DNA HealthMethylation

Methionine Synthase

MTR 2756 A>G

Allele frequency in population

The 1000 Genomes Project Database reports a global frequency of 21% for the G allele (NIH).

Gene and SNP Summary 

MTR encodes the enzyme, Methionine Synthase, which catalyzes the remethylation of homocysteine to methionine. The G allele is associated with increased activity of the enzyme and thus influences the level of circulating homocysteine. The SNP has been linked with fewer vascular events than would generally be expected, and thus could be considered to be a beneficial, protective SNP.



MTR Gene Detail

MTR encodes the vitamin B12 dependent enzyme, methionine synthase. This enzyme is responsible for the irreversible remethylation of homocysteine to methionine, using 5-methyl tetrahydrofolate as a cofactor. This reaction is essential in maintaining healthy levels of homocysteine and a healthy ratio of SAM:SAH.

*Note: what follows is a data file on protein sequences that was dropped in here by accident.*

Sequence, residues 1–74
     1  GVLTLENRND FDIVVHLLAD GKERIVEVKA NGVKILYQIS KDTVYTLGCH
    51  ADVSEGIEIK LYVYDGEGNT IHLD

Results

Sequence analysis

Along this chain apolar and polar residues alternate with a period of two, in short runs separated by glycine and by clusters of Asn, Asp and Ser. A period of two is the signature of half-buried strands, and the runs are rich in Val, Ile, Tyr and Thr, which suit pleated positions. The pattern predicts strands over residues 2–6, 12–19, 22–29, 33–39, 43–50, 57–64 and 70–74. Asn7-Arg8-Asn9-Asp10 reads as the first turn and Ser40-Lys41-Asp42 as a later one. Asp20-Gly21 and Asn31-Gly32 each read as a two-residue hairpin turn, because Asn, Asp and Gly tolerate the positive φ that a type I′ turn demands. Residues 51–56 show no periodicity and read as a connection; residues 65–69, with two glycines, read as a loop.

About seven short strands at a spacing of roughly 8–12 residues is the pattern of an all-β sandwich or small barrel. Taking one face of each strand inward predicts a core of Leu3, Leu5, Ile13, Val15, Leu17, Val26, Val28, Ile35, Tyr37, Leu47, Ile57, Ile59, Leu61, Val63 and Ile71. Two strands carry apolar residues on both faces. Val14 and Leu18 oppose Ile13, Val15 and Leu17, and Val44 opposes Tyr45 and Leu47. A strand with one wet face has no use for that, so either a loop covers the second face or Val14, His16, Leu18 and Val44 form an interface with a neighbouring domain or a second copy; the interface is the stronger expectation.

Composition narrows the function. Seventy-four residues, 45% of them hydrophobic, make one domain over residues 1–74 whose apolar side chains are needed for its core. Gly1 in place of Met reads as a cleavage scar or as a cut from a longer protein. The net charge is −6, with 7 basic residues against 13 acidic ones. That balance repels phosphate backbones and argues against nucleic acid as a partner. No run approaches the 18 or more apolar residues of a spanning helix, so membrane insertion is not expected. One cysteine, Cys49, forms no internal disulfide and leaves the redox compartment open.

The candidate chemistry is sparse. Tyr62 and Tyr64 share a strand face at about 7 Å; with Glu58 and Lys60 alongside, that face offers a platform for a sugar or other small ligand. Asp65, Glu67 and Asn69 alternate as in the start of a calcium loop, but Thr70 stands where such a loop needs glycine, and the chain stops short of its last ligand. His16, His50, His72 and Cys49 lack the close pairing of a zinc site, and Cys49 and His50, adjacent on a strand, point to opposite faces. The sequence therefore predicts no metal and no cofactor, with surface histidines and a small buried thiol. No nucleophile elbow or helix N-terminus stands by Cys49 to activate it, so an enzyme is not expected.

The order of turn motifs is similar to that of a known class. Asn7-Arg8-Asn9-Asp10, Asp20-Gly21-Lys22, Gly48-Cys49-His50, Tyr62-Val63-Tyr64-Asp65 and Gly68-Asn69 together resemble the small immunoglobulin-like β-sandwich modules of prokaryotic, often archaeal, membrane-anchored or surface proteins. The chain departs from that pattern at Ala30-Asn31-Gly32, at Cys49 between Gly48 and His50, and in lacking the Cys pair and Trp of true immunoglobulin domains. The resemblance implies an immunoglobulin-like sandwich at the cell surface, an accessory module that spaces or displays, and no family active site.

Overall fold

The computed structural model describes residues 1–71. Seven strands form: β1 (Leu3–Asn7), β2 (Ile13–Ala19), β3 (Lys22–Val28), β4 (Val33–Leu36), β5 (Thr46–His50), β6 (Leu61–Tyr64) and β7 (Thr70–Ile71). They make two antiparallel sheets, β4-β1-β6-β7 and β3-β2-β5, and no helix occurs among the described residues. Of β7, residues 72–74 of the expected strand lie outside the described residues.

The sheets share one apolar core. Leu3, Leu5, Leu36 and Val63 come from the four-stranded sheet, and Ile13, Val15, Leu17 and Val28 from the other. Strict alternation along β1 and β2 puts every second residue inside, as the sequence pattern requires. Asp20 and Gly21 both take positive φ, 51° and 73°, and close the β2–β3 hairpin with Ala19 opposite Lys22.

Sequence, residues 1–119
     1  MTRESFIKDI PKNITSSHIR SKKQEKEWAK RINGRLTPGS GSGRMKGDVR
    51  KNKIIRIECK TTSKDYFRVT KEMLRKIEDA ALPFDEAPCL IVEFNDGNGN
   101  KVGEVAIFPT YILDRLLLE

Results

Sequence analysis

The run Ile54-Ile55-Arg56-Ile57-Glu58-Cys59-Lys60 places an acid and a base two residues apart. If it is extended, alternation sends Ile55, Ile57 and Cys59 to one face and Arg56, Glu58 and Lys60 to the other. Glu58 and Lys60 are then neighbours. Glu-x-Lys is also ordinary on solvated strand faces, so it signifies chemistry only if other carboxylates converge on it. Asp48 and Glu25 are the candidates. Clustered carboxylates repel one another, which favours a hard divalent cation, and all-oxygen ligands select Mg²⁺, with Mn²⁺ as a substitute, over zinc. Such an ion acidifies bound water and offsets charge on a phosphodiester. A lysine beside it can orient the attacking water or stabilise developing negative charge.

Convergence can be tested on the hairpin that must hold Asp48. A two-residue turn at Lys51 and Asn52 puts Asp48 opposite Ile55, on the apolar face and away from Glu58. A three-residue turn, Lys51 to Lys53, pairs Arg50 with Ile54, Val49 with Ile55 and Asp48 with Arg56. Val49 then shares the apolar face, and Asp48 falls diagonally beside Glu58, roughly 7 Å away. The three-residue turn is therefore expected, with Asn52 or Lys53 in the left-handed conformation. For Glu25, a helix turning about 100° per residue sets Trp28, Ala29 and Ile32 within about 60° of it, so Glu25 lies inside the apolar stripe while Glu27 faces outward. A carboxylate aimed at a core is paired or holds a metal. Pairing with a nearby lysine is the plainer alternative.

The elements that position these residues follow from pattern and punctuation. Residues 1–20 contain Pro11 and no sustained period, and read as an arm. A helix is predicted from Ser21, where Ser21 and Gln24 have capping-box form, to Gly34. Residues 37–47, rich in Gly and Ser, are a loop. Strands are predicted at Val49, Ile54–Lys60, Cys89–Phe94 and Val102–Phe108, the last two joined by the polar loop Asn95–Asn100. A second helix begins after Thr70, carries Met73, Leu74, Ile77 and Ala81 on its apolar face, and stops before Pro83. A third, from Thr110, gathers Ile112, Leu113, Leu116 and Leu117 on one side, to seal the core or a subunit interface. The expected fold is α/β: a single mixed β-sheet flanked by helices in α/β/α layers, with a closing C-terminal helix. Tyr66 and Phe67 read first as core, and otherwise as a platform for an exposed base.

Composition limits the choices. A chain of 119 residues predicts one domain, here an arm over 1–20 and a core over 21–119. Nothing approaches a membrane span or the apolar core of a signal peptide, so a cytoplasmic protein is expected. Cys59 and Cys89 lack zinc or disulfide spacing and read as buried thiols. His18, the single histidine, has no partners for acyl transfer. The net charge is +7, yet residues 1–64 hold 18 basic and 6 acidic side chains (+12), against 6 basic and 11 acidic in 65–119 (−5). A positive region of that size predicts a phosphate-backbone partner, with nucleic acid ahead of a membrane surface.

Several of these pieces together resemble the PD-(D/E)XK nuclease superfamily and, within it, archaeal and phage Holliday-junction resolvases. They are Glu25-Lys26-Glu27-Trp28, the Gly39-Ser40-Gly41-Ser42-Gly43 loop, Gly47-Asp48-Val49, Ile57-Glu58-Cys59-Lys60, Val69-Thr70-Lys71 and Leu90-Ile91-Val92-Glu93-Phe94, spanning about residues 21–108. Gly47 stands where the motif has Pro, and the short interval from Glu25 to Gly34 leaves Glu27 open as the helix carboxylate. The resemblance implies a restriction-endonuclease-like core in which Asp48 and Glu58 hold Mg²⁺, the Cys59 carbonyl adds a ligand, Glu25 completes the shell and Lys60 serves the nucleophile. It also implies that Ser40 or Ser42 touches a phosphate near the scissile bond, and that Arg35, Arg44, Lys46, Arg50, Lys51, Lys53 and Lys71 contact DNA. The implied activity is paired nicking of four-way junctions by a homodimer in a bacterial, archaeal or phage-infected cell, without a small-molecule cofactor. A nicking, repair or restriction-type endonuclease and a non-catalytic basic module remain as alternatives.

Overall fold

MTR 2756 A>G

There is a common polymorphism which affects the functional site of the protein and hence the levels of circulating folate and homocysteine. Homocysteine levels tend to be lower in the presence of the polymorphism (G allele), and there is a dose-dependent decline across AA, AG and GG genotypes. It appears that the polymorphism increases the activity of the enzyme, enhancing the conversion of homocysteine to Methionine, and reducing homocysteine levels; this is thus a beneficial variant.

In addition to lowering homocysteine levels, it has been found that AG individuals have fewer vascular events than would be expected. The AG genotype is also a significant predictor for the recurrence of cardiac events, with carriers of this genotype 3.4 times less likely to have a recurrent myocardial infarction, heart failure or bypass surgery.



Since Methionine Synthase is dependent on vitamin B12, and the SNP is beneficial, best results will be seen in individuals where there is adequate intake of vitamin B12. Examples of vitamin B12 rich food sources can be viewed below.



Gene-environment interactions and predictors of breast cancer in family-based multi-ethnic groups

Gonzales et al, 2018.